Muse: A Video Portrait Workshop
- 1x (Normal)
Lesson 1: Connect9:20
Lesson 2: Finding a Motif11:58
Part 1: Shot Types5:23
Part 2: Camera Angles7:29
Part 3: Camera Movements5:43
Tips on Editing17:35
Share + Parting Words6:50
Create a video portrait of your muse
- Break the boundaries of time and space and approach that beloved Muse of yours, whether its the next
Break the boundaries of time and space and approach that beloved Muse of yours, whether its the next-door neighbor, the baker (or her cakes), your uncle, your professor or co-worker or anyone who has impressed you in deep profound ways, approach them.
Talk to them about doing a video portrait of them or their work. Mark a date and time.
- Share your Muse: who is it and what's it about?
Share your progress in your project section to get feedback from other students
- Watch video
Watch the video lesson.
Shoot, Slice and Dice
- In this unit I'll share some ideas for shooting your video and chopping it up. My very basic guideli
In this unit I'll share some ideas for shooting your video and chopping it up. My very basic guidelines:
- Shoot with natural light. Not necessarily outdoors but in a well-lighted space like near a window.
- If your subject will be speaking, be in a space where they are audible. Therefore nowhere near traffic or underwater. You can ask them to speak louder or if you think that will break the flow, move closer.
- With your list of key questions, remember that its more important to be at ease with your subject (and for them to be at ease with you) so carry a conversation and when you feel ready, hit record and ask your questions.
- Support your story by shooting parts of the process if it involves some kind of work, or curious little things that make up the space, perhaps a few visual 'clues' that define your subject.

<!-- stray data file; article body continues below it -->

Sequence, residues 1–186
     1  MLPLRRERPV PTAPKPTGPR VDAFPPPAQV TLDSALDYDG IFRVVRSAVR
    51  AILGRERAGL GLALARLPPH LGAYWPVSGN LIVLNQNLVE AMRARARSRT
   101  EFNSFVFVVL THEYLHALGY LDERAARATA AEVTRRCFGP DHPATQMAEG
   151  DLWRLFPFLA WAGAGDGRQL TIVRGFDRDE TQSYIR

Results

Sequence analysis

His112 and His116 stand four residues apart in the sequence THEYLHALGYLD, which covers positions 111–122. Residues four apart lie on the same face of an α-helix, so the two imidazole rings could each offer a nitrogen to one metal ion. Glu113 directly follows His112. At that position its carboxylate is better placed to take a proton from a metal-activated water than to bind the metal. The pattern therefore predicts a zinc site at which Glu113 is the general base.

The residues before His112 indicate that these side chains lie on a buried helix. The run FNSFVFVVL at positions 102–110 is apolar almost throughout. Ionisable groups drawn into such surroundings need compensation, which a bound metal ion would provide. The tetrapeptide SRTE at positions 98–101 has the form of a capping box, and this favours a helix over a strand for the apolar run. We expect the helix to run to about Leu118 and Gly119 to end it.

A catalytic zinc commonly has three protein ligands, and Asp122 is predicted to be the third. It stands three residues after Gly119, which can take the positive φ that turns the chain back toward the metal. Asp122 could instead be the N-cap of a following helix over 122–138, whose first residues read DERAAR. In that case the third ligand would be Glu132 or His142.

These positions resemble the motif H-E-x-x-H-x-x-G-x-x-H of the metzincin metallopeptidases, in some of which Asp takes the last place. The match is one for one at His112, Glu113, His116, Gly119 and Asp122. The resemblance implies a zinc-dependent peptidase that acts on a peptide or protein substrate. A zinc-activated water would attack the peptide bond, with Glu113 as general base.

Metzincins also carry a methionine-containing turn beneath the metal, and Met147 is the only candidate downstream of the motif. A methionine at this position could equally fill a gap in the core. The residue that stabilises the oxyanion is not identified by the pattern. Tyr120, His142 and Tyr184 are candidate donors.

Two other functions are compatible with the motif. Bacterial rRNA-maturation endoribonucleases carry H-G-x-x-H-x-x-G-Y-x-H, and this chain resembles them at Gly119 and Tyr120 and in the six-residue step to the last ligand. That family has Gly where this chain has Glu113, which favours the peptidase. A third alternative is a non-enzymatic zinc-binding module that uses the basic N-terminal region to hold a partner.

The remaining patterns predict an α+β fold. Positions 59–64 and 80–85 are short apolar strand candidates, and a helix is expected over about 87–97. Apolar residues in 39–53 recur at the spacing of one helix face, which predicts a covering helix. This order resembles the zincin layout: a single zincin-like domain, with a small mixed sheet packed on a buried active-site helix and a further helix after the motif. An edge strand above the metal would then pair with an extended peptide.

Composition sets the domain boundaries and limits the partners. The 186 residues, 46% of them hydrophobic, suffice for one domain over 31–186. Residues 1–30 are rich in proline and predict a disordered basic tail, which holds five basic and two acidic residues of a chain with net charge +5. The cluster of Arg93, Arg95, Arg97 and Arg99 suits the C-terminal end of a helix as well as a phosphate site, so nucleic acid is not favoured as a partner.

- Experiment/play with intimate closeup shots and distant see-all shots.
- Be present with your subject. Don't fret too much about your story, the video and how it should be. It will be so much more fulfilling to have a great time - great memory.
- Ideally, it's better to keep video portraits short. I suggest keeping it less than 5 minutes in length. That given, you don't have to shoot for hours, or even an hour. So don't. Or at least, don't keep the record button on the whole time.
- When transferring your files onto your computer, organize your video files by sorting the interview or audio recordings into one folder, work or process shots into another, and other details into another folder.
- Start cutting the interview/audio with your editing program of choice (choose what is available. iMovie or Movie Maker is fine too). Seek to be clear/relevant.
- After you've picked out the best from your recorded conversation you can start inserting footage from the process and later other interesting details about the space, items, etc.
- Background music can be found at http://soundcloud.com/or https://vimeo.com/musicstore
- Please do not forget to credit all your sources!
Everything else you can find at the Vimeo Video School!
- Share your Muse: Video Portrait for feedback
Final Muse project! YEAH
- Watch video
Watch the video lesson.
Class notes for Lesson 1 can be found here! Feel free to print out by right-clicking, save, then print.
In this unit we'll cover the what, the why and the wow....
What? Inspired/ artful video of people or their work.
Your video can be about art, of any sort:
It can also be about something like, say, a poster:
...about a Process
... about a country(ies):
....or about meeting the people in it:
It can be a Video Portrait (literally!):
Why? To celebrate people and their genius!
To celebrate fearlessness and daring:
To tell a story nobody would know if you didn't tell it (through video):
To share an advocacy:
To reveal life's secrets:
... and many other things too simple and complex to compile in one unit. Enjoy!
And let's proceed.
In this unit we'll cover ideas for storytelling and pre-shoot prep.
There are many ways to tell a story, especially through video (involving everything from moving images to sound, and everything in between). There are, however, easy and effective methods you can adapt to make your storytelling less of a difficult process for you and your Muse.
*NOTE* If you are so inspired to break away from these suggestions, feel free to do so!
Here's the process:
- Find out what best to talk about with a few key questions. Example: What, why, and how. Write it down.
- Distill the top 3 most inspiring angles/topics to explore on your Muse. Identify the Motif or 'character'. Keep it simple.
- Visualize your video (how it feels, looks like) and proceed accordingly.
For some added inspiration:
Diana from class shares this iMovie export tip here. Thanks!